If you are not familiar, VivaCity hosts developers and key stakeholders in urban development to present their projects to the broader community. Walking from booth to booth, you can see what Halifax will look like 5, 10 or 20 years from now. One of the booths I was particularly interested in seeing was the Dexel Development Bank of Canada re-development on Hollis St, adding arguably some of the most geographically “downtown” residential units we have ever had in the city.
I am not an urban design expert, but I see common design themes in the way developers are approaching new projects here. For starters, most are mixed-use (commercial, retail and residential units in one project.) This style of build gets right to the heart of how you build a successful downtown: by fostering an ecosystem of mutually supportive elements:
- Residents who can successfully live close to work and who have world-class shopping, dining and entertainment services close by;
- Commercial buildings that are full due to the proximity to where people live and the amenities and services available;
- Successful retail, restaurants and amenities that benefit from the density of workers and citizens around them.
There is also a lot of green and public space in projects like King’s Wharf, the Motherhouse Lands and the Nova Centre. The prevailing theory seems to be that bricks, mortar, steel and glass are functional elements but people are attracted to interactive environments where they can work, shop, play and live. In the Halifax Index, we noted that one of the most important things we need to do is to attract and retain more people. Mixed-use, interactive housing that matches the income profile of the workforce is a critical element to making Halifax an attractive place to live.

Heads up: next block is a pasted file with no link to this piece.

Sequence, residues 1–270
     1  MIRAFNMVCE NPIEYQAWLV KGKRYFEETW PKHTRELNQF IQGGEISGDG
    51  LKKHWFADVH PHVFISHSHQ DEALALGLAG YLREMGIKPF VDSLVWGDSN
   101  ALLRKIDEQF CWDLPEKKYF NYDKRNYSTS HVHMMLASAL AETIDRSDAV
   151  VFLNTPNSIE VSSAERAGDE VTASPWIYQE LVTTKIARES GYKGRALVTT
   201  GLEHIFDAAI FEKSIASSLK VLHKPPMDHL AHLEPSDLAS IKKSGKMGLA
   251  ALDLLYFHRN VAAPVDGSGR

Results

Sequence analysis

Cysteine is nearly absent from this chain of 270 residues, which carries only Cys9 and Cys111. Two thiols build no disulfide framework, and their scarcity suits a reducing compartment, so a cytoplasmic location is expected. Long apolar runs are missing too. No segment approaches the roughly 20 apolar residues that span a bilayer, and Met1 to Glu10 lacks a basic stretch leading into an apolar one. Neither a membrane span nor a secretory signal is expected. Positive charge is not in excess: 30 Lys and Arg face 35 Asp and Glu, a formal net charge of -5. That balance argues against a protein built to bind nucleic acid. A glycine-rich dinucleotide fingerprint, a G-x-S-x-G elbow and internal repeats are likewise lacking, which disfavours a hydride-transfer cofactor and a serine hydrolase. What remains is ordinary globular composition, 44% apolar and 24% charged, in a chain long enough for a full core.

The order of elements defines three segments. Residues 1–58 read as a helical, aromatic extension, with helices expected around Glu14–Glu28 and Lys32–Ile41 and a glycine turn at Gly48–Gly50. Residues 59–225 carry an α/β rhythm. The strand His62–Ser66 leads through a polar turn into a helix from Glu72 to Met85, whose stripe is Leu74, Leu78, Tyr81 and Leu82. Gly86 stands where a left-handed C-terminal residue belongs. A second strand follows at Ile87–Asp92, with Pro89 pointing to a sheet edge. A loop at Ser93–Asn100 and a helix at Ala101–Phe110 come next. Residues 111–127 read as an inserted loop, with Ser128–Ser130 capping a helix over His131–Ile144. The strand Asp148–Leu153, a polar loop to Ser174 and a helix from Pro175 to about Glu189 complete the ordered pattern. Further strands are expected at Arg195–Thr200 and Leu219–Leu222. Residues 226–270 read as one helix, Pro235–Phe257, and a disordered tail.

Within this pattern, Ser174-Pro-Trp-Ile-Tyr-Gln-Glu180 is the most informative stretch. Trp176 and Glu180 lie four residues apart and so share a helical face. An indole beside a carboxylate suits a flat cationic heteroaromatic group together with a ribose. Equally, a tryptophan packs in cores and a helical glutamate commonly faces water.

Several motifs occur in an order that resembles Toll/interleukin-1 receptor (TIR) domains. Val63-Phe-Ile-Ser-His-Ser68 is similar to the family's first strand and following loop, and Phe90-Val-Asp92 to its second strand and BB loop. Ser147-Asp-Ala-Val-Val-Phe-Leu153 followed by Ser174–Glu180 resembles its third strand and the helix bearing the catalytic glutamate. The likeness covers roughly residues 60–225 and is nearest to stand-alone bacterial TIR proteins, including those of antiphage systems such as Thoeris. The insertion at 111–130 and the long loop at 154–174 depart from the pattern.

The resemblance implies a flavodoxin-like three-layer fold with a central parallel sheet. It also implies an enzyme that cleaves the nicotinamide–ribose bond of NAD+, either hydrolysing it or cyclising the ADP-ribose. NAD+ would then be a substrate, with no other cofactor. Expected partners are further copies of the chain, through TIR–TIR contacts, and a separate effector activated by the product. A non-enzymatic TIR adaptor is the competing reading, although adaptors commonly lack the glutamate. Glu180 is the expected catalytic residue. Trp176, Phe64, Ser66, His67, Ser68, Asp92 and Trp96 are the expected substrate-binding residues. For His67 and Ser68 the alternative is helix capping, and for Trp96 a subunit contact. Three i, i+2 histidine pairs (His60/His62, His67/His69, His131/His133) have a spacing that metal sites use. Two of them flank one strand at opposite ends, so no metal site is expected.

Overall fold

Development is also a major economic driver. An economic impact analysis performed by the Atlantic Provinces Economic Council for the Urban Design Institute showed that between 2006 and 2010, private development construction supported over 6,400 jobs and $316 million in income per year in Halifax. Including indirect and induced impacts, private development represents over $650 million in GDP annually in the city.
VivaCity gave a glimpse of what the future Halifax will look like and the discussion regularly convened by FUSION Halifax and other urban development advocates are helping shape what Halifax will be like. It’s hard not to be inspired when you can fill a large train station full of people eager to see and discuss what their city will be like in the future.
David is the Economist and Project Development Specialist at the Greater Halifax Partnership and the lead researcher for the Halifax Index. He studied Economics and Philosophy at the University of Prince Edward Island, and has experience working with private, public and non-profit organizations.